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stephen quinn

This weekend, as you attend your place of worship, be it a church, a mosque, temple or synagogue, beach volleyball court, hot yoga studio or farmers market, please spare a prayer for the owners of single-family homes of Metro Vancouver.

Through no fault of their own, their property values have increased exponentially over the past decade. Those who once purchased houses for relatively modest sums are finding themselves now living in houses valued into the millions. Consequently, their property-tax bills have increased to reflect their higher assessments, and they need our help.

Some, sadly, will no longer even qualify for the homeowner grant because the value of their houses has surpassed the threshold of $1.2-million. The chances of that are pretty good, given that the regional benchmark price for a single-family house topped $1.4-million last month.

Only those over the age of 55 will be allowed to defer their taxes at a rate of interest so low that they actually make money by not paying tax and investing their cash elsewhere. Come on, everybody does it. But spare a thought for them as well.

Some may have to turn to their parents, who may be part of the richest cohort of seniors in Canadian history, for help, or hope that their share of the $750-billion in inheritance money that the Canadian Imperial Bank of Commerce predicts will be handed down over the next decade comes their way soon.

Yes, the owners of single-family houses in Metro Vancouver, who disproportionately suck up municipal services, who encourage sprawl and who are essentially subsidized by condo dwellers and other people who live in smaller, more ecologically responsible homes, are under attack.

Luckily, North Vancouver Mayor Darrell Mussatto is looking out for them.

Mr. Mussatto said this week that he would like the province to look into separating single-family houses from condominiums and multiple-unit dwellings so owners of single-family houses could be charged a lower tax rate.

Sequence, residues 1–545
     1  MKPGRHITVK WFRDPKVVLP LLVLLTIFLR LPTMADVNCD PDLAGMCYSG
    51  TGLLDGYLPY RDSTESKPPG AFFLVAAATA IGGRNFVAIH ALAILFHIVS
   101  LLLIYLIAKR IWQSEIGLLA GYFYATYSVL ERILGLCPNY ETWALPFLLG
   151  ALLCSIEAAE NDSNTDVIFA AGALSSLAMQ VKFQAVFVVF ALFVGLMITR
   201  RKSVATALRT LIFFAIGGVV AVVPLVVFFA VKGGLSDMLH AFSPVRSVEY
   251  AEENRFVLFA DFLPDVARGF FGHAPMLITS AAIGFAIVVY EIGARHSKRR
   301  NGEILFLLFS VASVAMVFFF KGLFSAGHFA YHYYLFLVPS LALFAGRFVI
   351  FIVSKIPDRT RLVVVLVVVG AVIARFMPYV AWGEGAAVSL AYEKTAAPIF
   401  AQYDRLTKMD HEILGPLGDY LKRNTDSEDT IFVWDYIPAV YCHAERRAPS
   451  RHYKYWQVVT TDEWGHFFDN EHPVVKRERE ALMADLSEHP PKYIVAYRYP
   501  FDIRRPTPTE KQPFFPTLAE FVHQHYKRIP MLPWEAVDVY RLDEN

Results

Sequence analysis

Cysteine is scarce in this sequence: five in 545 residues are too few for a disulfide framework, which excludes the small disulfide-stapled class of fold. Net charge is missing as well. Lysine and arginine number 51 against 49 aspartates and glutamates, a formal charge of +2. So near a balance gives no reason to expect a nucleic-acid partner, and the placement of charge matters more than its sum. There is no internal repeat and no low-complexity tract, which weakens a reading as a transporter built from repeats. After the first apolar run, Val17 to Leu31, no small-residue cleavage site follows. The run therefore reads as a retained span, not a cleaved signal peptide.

The mayor argues that while the value of single-family houses has skyrocketed in recent years, the value of condos has remained relatively stable. "If you're a condo owner, your taxes may indeed be going down this year, because condos didn't go up much or they didn't go up at all compared to single-family homes," he told me in an interview. "The bottom line is that there are some people who are getting hurt pretty significantly and I want to make sure that we're fair with the tax system so everybody pays their fair share."

I failed to ask Mr. Mussatto how he defines fair.

Planning and development consultant Michael Geller agrees with splitting single-family houses off from multiple-unit buildings for the purpose of calculating taxes, but he said it's the condo and townhouse dwellers who should be getting the break.

"Part of municipal taxes go to maintaining the roads and sewers and sidewalks, and single-family homes consume far more in services than high-density apartment living," he told me. "It should be the single-family homeowners who are paying the higher mill rate. We should be rewarding people for living more a more compact lifestyle."

Perhaps surprisingly Mayor Mussatto agrees – to a point. "People who live with a smaller footprint should get some benefit from that, but there are a large number of people out there who are facing very significant tax increases so I'm saying let's apply some fairness to this situation," he said.

There's that word again, sans definition.

For its part, the province says municipal governments already have the tools they need to keep property taxes at a manageable level.

We also know that the province is reluctant to do anything that would cut in to the equity of homeowners. The Premier said as much in a statement a few months ago about curbing foreign investment in the region's real estate market.

So how about this: Allow the owners of single-family houses to pay whatever they like in property tax. Then, when it comes time for them to sell their houses, they must sell it for a price that corresponds to the tax rate they've been paying. Sure, it may be a $3-million house, but you've been paying taxes on a home valued at only $1.2-million – so that's what you get.

Is that crazy? Of course, it is.

But this is Crazyland.

Stephen Quinn is the host of On the Coast on CBC Radio One, 690 AM and 88.1 FM in Vancouver.